Skydiver body not ‘equipment’ for deciding employee status – Business Insurance

The “bodies” of skydiving instructors cannot be considered equipment for determining independent contractor status, the Idaho Supreme Court held Thursday in a challenge filed against a skydiving company by the Idaho Industrial Commission.

In State Ex Rel. Industrial Commission v. Sky Down Skydiving LLC, the justices unanimously held that a magistrate judge erred in his analysis of whether a group of skydiving instructors were employees and should be covered by workers compensation.

Sky Down Skydiving LLC, owned and operated by a married couple, operates a licensed skydiving training center in Canyon County, Idaho, and provides skydiving training and tandem jumps. The couple said they employed no workers — paying skydiving instructors per jump and parachutes packers per chute — and therefore did not need to carry workers compensation insurance. The commission filed a complaint against the company seeking penalties and injunctive relief for the lack of comp insurance, but a magistrate judge found that the workers were independent contractors and dismissed the complaint, and a district court affirmed the decision.

The commission then appealed to the Idaho Supreme Court, which reversed and remanded the lower court’s decision on the basis that the court failed to apply the proper test for determining whether the diving instructors and parachute packers were properly classified as independent contractors. The court held that the magistrate judge erred when he found that skydiving instructors’ own bodies were evidence that they supplied vital tools for each jump and as a result did not meet the statutory definition of an employee. “Human bodies of the instructors are no less a piece of equipment than the airplane that took them up to the appropriate altitude,” the magistrate judge said.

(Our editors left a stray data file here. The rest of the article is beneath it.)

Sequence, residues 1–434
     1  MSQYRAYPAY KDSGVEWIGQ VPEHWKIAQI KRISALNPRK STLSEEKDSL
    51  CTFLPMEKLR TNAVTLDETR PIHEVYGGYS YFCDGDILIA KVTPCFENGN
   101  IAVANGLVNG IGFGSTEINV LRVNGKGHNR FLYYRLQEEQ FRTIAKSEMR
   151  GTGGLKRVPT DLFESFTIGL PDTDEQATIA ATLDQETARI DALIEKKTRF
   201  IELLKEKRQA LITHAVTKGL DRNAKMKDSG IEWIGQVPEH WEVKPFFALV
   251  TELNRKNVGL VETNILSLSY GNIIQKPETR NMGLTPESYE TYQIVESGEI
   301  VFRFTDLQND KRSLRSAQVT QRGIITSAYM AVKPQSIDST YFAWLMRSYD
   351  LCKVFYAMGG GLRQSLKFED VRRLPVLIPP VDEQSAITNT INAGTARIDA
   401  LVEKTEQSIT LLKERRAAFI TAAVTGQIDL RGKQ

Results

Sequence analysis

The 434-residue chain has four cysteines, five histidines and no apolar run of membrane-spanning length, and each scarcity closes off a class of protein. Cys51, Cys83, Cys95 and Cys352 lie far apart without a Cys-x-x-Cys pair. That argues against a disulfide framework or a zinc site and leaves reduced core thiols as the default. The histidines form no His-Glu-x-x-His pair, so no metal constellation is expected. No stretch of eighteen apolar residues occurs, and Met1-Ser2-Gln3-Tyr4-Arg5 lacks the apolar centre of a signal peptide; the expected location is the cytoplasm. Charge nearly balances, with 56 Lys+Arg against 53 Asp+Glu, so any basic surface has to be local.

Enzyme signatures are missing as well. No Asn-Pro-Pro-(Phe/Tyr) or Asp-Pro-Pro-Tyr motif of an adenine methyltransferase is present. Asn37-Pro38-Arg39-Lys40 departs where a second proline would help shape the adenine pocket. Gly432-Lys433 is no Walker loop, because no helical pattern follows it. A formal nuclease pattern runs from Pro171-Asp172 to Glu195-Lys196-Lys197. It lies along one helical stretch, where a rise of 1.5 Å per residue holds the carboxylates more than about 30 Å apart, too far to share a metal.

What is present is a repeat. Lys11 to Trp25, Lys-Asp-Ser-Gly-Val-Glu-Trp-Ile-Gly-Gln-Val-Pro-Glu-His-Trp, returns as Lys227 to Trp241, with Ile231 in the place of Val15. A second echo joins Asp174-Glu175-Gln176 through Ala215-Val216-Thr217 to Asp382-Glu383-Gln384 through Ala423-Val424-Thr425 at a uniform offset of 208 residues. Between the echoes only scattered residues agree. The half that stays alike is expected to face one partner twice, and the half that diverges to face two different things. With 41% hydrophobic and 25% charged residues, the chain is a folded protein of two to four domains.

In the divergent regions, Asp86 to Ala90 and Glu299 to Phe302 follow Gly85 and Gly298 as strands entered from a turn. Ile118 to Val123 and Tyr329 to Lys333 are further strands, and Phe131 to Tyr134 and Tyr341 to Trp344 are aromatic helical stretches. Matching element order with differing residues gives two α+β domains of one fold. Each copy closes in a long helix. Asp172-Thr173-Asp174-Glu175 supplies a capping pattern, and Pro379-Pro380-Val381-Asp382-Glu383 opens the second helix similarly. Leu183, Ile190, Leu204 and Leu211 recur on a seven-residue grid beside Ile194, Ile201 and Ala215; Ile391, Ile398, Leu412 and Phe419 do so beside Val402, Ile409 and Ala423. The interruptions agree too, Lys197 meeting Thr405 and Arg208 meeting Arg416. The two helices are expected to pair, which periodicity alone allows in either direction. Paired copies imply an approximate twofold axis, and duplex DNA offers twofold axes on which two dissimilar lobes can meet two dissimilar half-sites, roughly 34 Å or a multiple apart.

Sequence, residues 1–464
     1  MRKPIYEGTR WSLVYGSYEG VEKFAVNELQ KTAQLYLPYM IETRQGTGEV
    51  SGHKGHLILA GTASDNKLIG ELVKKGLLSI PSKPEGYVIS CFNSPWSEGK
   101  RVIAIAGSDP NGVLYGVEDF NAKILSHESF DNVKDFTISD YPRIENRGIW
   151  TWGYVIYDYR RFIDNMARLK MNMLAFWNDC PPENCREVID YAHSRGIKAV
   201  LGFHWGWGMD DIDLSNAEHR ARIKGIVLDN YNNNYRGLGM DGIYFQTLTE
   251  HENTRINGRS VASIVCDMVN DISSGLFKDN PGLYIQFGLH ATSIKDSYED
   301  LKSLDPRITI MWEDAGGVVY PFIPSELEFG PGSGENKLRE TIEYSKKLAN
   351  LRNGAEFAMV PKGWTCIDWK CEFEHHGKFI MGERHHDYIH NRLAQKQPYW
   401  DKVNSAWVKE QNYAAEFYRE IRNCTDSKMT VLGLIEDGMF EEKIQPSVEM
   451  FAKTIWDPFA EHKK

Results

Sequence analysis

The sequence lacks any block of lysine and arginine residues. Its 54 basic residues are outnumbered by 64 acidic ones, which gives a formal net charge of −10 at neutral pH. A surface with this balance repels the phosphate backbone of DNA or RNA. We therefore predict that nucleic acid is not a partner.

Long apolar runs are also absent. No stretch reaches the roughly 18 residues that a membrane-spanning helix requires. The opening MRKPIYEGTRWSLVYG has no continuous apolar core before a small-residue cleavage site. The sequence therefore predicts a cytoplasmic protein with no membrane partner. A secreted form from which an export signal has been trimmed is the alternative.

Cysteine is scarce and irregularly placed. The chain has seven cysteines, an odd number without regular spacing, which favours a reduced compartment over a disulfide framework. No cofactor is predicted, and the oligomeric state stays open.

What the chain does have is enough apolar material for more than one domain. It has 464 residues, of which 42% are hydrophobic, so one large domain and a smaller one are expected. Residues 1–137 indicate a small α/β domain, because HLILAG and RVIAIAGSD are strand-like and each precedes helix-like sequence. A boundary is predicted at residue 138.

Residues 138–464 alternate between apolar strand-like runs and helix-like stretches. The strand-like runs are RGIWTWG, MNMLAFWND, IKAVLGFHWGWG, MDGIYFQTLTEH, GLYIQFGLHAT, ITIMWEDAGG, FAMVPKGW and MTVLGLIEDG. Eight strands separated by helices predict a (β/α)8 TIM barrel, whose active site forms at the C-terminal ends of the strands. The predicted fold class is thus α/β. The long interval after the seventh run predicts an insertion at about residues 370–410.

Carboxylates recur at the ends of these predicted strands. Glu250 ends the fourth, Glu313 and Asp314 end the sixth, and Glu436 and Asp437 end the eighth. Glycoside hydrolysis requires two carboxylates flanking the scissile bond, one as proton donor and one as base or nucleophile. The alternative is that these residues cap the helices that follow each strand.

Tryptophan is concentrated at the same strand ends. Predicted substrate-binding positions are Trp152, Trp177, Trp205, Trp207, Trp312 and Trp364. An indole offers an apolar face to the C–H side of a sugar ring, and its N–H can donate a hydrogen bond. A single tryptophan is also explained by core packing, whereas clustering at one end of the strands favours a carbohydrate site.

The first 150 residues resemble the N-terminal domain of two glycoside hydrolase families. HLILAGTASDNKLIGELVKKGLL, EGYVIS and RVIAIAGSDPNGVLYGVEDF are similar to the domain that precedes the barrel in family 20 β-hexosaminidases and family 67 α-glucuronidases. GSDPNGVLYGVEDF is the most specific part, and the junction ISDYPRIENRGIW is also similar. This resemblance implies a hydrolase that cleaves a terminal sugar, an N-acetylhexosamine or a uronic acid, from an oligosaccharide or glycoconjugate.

The Supreme Court disagreed, finding that other courts have stated that a “worker’s body is not a major item of equipment within the meaning of the third element of the `right to control’ test” in determining if an employment relationship exists.

“The fact that workers use their bodies skillfully is obviously important, but it does not make their bodies ‘major items of equipment,’” said the court. “…(A) worker’s use of their own body does not meaningfully contribute to the analysis of whether a worker is an employee or independent contractor.”

The court also held that the lower court erred in relying on the fact that the company paid the workers as independent contractors, holding that “the mere presence of a 1099 form does not outweigh the supply of airplanes and parachutes, nor does it singlehandedly tip the scale.”

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